Problems Installing Apps

Charles Martin chasm at
Sat Apr 3 14:08:37 PST 2004

> From: "Chris Walker" <chris at>
>> Here's the top tools in my toolbox:
>> 1. OnyX [...............]
> Thanks for the info Charles.  One point though.  Should these 
> maintenance
> routines be run from a separate disk/CD?

No, there's no need.

>> 6. REGULAR, VERIFIED BACKUPS. Alluded to in point 2 above but really
>> can't be stressed enough.
> Although I believe in backups, I notice since moving to X that people
> really really seem to stress their importance, perhaps more so than 
> when
> running OS9.  Given that X is supposed to be more robust/stable etc, 
> this
> extra emphasis always strikes me as a bit odd.  Doesn't invalidate the
> advice though  :-)

There's probably lots of reasons for this, but here's mine:

1. An OS X system cannot be recreated by simply dragging the System 
Folder from an old disk/cd/zip as you could with OS 9. There are 
hundreds of thousands of files in a typical OS X hard drive these days, 
and quite a number of them are invisible system files and symlinks and 
other things that are hard-coded to the drive path and "break" or never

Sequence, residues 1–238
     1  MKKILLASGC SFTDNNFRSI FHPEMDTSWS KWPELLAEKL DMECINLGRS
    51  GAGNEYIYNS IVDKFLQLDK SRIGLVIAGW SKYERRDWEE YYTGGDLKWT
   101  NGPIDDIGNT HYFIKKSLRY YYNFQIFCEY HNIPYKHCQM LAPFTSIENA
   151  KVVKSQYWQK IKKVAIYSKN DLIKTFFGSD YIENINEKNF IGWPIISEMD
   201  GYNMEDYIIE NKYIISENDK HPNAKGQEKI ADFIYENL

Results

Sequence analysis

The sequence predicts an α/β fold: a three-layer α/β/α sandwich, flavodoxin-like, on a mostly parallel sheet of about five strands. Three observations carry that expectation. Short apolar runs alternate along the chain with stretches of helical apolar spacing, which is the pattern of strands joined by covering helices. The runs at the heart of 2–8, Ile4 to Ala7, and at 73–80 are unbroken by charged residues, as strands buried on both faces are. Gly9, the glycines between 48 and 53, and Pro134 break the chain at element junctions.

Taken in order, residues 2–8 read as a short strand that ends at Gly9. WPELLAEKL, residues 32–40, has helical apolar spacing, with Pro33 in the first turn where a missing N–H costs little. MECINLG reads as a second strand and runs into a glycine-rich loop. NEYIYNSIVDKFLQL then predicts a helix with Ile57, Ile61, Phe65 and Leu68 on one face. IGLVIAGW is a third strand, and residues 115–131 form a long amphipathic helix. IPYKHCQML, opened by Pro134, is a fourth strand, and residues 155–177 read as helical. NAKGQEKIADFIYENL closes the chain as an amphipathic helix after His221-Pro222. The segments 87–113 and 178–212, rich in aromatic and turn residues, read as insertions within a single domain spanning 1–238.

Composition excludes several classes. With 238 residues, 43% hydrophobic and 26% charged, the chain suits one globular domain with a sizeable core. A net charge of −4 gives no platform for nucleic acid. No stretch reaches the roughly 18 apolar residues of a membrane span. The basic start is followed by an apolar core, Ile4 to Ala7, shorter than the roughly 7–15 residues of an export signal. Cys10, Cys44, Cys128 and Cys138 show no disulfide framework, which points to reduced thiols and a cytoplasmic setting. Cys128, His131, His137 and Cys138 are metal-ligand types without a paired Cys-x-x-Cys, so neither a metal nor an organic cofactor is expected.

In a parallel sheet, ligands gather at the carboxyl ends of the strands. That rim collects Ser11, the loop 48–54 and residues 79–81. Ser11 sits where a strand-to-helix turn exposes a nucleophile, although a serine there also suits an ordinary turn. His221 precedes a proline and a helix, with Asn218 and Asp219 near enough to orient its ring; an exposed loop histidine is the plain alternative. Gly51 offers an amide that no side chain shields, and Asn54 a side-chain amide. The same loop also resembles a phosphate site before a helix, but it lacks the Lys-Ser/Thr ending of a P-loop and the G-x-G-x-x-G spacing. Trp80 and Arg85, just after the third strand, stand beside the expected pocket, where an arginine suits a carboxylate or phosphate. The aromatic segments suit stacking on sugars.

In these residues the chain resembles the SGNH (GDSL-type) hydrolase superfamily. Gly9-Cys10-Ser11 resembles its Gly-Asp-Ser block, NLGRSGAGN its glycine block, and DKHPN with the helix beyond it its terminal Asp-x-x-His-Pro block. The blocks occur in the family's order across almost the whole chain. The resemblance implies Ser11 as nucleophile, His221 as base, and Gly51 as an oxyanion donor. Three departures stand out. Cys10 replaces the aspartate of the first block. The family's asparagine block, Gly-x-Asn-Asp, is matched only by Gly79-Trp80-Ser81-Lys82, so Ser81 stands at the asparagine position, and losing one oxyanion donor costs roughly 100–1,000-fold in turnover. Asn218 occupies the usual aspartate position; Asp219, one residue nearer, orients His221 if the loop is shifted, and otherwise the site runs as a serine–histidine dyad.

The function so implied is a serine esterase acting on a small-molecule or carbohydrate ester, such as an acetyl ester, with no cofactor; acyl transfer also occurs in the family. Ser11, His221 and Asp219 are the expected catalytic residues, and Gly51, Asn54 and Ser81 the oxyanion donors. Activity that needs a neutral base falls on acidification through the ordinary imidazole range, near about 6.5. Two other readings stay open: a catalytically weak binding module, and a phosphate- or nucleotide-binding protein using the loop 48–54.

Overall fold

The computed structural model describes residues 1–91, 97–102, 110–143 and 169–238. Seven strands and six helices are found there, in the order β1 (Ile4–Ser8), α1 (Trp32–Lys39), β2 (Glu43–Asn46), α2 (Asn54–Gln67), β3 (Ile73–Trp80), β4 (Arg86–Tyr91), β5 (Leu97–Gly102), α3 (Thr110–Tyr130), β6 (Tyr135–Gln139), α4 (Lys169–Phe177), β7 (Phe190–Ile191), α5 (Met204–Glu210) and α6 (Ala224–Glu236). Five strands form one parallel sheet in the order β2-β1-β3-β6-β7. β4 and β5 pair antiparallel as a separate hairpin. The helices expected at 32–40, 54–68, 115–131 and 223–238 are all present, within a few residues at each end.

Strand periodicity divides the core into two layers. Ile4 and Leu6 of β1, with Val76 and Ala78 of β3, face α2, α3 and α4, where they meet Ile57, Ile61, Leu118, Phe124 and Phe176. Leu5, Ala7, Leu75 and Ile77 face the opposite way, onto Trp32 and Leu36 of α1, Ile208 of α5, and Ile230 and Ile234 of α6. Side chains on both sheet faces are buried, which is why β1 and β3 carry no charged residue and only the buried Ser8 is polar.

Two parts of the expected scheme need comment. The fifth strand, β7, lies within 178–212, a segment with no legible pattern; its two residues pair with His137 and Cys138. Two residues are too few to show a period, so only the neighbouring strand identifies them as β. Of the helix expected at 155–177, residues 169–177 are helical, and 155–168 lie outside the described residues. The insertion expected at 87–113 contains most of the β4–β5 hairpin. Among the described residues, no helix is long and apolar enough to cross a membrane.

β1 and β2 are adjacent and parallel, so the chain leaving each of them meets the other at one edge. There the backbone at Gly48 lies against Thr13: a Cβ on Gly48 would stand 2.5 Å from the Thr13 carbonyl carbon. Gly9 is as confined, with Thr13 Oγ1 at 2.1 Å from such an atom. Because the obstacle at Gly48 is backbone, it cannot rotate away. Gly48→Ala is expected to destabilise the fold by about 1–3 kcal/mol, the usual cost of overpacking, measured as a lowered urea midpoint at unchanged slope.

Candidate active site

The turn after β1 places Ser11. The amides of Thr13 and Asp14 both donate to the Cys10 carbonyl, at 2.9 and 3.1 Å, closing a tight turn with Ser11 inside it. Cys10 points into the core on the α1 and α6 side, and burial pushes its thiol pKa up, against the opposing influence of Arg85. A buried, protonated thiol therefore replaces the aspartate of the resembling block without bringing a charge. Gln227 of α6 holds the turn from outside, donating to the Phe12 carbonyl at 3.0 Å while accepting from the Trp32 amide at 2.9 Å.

get copied in a straightforward copy. Thus, bootable backups require 
cloning and special tools that OS 9 people didn't have to worry about. 
 From a technical viewpoint, it's much harder to restore an OS X system 
than an OS 9 one, luckily tools have emerged that make it easier.

2. Consumer demand for hard drives is pushing makers to make them 
bigger and faster, but there's not a lot of attention paid to the 
failure rate. It could be the same as it was in years gone by, but 
there's just this perception I and a lot of geeks have that today's 
hard drives are more prone to failure than they used to be, ergo the 
need for backups.

3. Increased awareness of the complexity of restoring data from a total 
system failure, and the perception that people are storing more 
*valuable* data on their HDs than they used to. Five years ago, if you 
had a total hard drive crash, you might lose some financial records 
that your bank could, if needed, restore -- or business projects you 
might have been working on -- and that was about the worst thing that 
could happen.

Today, people store their LIVES. Their digital photos (no paper 
copies), their movies (no film copies), their business/legal/medical 
emails (legally binding documents nowadays!), their bank passwords and 
so much more stuff that, without a backup, is exceedingly difficult to 
restore. We might be setting ourselves up for a new Dark Age in much 
the same way the Romans/Egyptians did -- storing our knowledge on 
fallable media.

OS X is *incredibly* stable, far more so than OS 9 ever was, and it's 
not the fault of the OS that people are more adamant about backups. 
It's the other factors mentioned above, at least for me.


Have you noticed that this administration's harshest critics are ... 
lifelong Republicans?
Richard Clarke, Paul O'Neil, John McCain, Scott Ritter, John Dean ... 
and the list goes on ...

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